Brad Church likes to ask the question ‘who leads the leader?’. The answer is that as leaders we need to lead ourselves. That means inspiring ourselves toward our goals and our vision for the future. In this episode of TEC Live Brad takes Stephanie Christopher through his step by step repeatable process for goal setting that helps people make progress toward their true state of well-being.
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Stephanie: Hello, and welcome to TEC Live. Stephanie Christopher here, chief executive of The Executive Connection. TEC connects CEOs, executives and business owners to the world’s largest business leader network.
Today our guest is Brad Church, a trusted advisor to financially successful people. Brad’s the CEO of Goodman Private Wealth Advisors, a privately owned firm that works closely with a small number of like-minded clients to help them put their entire financial house in perfect order. So Brad’s worked with successful families and successful business people for more than 20 years. He’s seen first hand the benefits that goal setting, when well done, can have on the lives of individuals, families, businesses and communities. Through his business leader workshops, Brad now gives some of his time and expertise to empower people to live their life on purpose. Brad Church, welcome to TEC Live.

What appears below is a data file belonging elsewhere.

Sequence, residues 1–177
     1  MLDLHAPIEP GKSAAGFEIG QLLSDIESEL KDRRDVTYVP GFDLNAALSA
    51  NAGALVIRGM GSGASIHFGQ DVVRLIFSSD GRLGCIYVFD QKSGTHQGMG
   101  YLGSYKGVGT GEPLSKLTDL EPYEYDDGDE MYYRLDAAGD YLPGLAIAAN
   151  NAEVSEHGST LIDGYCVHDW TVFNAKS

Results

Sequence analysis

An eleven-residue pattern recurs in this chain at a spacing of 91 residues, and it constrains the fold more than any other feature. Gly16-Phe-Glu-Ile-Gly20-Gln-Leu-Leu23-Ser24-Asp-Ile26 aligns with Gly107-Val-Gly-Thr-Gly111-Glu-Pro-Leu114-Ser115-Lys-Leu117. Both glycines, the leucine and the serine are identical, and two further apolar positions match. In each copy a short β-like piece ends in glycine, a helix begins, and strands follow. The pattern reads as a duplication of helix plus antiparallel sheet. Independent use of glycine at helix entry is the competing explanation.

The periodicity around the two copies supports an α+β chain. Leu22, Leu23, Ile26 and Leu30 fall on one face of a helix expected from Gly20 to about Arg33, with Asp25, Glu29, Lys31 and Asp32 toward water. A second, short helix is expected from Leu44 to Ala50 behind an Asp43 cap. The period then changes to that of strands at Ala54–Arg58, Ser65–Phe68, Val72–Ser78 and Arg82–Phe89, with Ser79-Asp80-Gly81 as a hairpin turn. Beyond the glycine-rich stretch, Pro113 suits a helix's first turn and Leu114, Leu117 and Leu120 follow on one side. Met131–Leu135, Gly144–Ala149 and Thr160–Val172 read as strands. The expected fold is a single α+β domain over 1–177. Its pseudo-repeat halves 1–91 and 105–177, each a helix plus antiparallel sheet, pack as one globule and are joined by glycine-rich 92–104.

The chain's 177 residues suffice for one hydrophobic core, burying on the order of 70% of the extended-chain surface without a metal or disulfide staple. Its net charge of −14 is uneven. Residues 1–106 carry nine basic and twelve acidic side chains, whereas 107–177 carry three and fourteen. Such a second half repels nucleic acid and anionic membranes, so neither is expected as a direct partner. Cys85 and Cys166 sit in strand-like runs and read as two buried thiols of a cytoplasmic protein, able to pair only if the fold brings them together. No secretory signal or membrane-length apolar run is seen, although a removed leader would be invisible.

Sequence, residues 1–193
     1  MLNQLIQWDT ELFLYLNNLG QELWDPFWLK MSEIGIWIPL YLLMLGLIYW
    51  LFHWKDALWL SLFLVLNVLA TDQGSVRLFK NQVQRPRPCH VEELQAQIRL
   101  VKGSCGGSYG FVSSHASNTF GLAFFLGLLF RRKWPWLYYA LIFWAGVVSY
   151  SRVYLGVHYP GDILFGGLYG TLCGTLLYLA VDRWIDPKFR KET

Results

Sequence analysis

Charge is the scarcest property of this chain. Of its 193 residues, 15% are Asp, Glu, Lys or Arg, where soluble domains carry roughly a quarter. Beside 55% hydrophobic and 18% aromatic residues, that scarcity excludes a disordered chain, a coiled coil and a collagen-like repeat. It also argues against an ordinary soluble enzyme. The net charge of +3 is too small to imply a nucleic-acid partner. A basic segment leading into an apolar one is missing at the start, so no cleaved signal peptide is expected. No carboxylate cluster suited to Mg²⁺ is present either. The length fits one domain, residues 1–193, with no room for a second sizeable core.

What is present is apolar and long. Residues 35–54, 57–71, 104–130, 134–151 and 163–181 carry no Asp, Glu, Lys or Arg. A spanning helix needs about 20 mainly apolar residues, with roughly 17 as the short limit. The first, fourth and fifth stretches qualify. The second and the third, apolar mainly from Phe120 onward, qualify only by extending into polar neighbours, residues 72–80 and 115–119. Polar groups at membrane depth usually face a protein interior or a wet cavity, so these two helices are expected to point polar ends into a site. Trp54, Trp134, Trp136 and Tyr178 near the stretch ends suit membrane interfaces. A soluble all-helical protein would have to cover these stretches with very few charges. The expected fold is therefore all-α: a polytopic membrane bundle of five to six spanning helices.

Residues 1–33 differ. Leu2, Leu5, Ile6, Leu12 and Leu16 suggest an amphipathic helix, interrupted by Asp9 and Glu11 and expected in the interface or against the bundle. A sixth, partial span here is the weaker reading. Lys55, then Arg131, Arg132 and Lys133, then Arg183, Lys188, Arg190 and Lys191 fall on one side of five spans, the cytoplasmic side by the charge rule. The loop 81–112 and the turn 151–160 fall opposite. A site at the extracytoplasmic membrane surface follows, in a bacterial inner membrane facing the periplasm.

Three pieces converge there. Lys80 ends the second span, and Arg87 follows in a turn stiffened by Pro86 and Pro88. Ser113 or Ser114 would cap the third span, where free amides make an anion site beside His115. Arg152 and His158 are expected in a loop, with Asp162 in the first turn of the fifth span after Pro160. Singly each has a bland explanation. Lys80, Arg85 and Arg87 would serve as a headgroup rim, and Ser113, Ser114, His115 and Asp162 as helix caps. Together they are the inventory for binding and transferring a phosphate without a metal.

Brad: Hi, Stephanie. Good to be here.
Stephanie: Yeah, great to have you here. Okay, so we’re recording this at the end of the year and people are kind of rushing to finish off. I love it, how you do that whole thing of, ‘Oh, my God, next year,’ which is in fact only two weeks away from now. So are goals the same as new year’s resolutions?
Brad: Definitely not.
Stephanie: Oh, okay. Well, there you go.
Brad: So goals when done well have hopefully had some preparation behind them.
Brad: New year’s resolutions have had a lot of drinking behind them so they’re quite two different things.
Stephanie: Yeah. Right, they are. Okay. Well, that’s good. That’s a beautiful clarification. So I’ve just read it and I’ve just heard you say ‘goals when done well.’ Let’s start with goals done badly. What do bad goals look like?